Monday, June 28, 2010

Greening the Restaurant Industry: Water

The food thing was a little uneven on this trip to Vancouver.

There were high hopes and lots of good intentions--Lord knows those rarely amount to anything, and this trip proved no exception.

We drove out to Koon Bo based on a post in Chow Times. We got there at 9pm. It was packed, and the food on the tables looked great.

"I'm sorry we're not open"


It was 9pm, the restaurant closed at 10.

"We can't serve you. Our chef went home early tonight."


The next failure was self-generated. It was a choice between arriving 2 hours early to see the Schlippenbach trio at the jazz festival, or going to Phnom Penh Restaurant and risk being one second late for the show--a risk I wasn't ready to take. So a salad bar in Yale Town it was. They did have a nice cheese spread back stage, though.

That said, there were some food joys. It would appear that they've upped the ante with shwarma and falafel on The Drive. Taste of Paradise at 1399 Commercial Drive, in what was well past the 11th hour, came through with attention, value and friendliness as well as an immaculately prepared meal.

The best meal of the entire trip? The water fountain at the lodge in Manning Park. Oh that Manning Park water is good. Every time we drive through, we fill bottles.

I love me some fancy water. I'm more of a bubbly water enthusiast, but there really is nothing like a good, still water. Water in the Okanagan is hard, and occasionally (depending upon where you live) needs boiling in order to be consumed safely. We all know that this will soon be the rule, rather than the exception, and so when there are those boil water advisories, or a thick layer of mineral build up inside the tea kettle, or a faint bleach smell, we don't really put up too much of a fuss. Yet when set against water from Manning Park, you can't help but pause and meditate upon water's fundamental role in life, let alone cooking.

Speaking of water, what about grey water? You all know what grey water is right? In my "short-sleeved" capacity within the food economy, I spend a little more time working the hose (so to speak) than many of my "long-sleeved" colleagues. It's nothing less than shocking to think of all the water a restaurant uses in a day. And by "use" I mean send down the drain to where ever water goes when it is sent down a drain.

Certainly there's the technology to get more utility from the water used to, say, cool a Cambro filled with hot soup (or warm a frozen pork shoulder, or wash off the dishes before the dishes go into the machine that washes the dishes). Can't that all be diverted through some filters and into a tank?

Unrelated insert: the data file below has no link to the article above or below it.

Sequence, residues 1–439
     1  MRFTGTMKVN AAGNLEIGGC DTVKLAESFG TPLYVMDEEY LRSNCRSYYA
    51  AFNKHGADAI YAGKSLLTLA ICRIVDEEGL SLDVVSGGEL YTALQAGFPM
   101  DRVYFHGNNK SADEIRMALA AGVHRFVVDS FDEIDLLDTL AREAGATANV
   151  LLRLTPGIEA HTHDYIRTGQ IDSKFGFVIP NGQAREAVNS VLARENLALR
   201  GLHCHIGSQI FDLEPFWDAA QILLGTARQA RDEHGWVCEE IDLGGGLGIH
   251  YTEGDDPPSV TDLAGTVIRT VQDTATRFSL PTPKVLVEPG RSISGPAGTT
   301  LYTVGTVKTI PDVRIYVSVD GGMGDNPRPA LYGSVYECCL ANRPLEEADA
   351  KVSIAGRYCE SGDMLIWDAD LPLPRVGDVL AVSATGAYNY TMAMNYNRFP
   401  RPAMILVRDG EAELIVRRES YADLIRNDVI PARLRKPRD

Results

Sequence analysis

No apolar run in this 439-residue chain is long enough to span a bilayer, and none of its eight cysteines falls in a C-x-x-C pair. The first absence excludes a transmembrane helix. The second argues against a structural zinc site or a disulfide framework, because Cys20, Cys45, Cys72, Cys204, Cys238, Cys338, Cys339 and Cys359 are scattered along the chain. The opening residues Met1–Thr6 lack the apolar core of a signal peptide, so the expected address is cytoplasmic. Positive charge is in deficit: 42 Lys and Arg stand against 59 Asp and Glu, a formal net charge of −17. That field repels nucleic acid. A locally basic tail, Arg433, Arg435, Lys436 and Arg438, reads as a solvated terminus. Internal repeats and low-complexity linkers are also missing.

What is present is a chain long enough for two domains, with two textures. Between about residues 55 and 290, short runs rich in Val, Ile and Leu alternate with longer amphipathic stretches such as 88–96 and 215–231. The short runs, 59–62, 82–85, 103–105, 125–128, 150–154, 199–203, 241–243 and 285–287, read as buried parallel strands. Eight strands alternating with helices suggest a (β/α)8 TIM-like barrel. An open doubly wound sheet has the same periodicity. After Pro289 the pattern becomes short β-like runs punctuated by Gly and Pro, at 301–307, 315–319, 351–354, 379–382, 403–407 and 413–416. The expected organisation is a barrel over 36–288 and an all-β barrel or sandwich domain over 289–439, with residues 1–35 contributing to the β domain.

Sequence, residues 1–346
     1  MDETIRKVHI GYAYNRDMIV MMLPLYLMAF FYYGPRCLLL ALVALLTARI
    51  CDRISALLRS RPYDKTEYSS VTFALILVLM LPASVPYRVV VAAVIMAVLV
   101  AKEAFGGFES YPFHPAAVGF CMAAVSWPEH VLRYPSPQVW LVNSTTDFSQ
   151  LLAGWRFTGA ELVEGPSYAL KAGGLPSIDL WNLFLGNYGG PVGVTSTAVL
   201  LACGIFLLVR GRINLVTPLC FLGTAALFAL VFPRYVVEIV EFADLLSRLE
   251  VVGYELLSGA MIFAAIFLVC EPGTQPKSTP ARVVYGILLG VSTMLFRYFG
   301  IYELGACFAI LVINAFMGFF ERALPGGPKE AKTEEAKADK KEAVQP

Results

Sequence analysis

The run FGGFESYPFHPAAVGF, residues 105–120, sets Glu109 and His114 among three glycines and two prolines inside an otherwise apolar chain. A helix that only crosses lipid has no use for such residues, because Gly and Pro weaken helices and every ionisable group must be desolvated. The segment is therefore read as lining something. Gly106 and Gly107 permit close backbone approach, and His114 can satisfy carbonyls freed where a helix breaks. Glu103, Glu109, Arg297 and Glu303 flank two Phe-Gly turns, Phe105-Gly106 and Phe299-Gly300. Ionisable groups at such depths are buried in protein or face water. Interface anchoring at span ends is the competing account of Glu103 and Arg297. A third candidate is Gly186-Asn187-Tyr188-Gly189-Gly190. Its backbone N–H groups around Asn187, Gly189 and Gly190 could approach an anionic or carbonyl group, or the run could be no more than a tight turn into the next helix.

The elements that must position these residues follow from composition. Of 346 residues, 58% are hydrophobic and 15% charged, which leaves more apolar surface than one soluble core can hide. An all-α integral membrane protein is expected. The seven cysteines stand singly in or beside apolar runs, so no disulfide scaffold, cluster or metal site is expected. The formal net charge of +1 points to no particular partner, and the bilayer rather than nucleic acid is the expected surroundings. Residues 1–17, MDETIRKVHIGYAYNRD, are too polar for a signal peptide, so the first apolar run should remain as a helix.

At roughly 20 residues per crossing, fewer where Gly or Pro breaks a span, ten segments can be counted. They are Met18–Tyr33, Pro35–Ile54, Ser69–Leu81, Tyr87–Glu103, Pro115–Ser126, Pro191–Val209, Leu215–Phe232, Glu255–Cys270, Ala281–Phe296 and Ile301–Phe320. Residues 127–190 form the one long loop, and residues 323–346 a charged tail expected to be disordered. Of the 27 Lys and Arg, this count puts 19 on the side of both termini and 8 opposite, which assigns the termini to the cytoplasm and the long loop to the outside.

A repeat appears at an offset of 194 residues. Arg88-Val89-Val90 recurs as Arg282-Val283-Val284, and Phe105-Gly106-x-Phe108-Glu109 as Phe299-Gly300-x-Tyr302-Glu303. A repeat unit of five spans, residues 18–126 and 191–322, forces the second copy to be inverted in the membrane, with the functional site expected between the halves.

From there, that water could be used for all kinds of things. I'm thinking irrigation, primarily, if not for our beloved grapes, than for other "cruder" plants and non agricultural landscapes, like those surrounding the restaurants where we work.

Speaking of the restaurants where we work, most of them have enough square footage on their roofs that collecting the rain water makes sense as well. Where as "grey water" is (for now) disqualified for consumption, people, plants and animals all over the world depend entirely on rain water. While the thought of drinking water that came from the sky rather than a plastic pipe might make the more genteel customer shudder in revulsion, plants of all kinds seem to do just fine with it.

If you think the war(s) over oil have been gruesome, the coming war(s) over water promise to be infinitely more so. And if you think the propane bill is a doozy, just wait until water is totally commodified to the same extent.

And on that happy note, stay tuned for the next instalment of Greening The Restaurant Industry here on Okanagan Daily Special!

1 comment:

  1. You know. The owners of said establishment at which we work does have solar power to heat some of the water. Even if it is only to appear green while spraying the hell out of the valley. Perhaps something like a grey water system could be taken seriously by them, if presented to them in the right way. I'm sure being the only winery in the okanagan that is running with solar and grey water programs would really appeal to the "green" crowd that seem too travel so much through the area. I mean, yes, doing it as a selling point may not be the most ethical reason to start a program such as the one of which you speak. However, it could be a start.

    what are the costs associated with getting up and running with a treatment plant for something like "waste" water?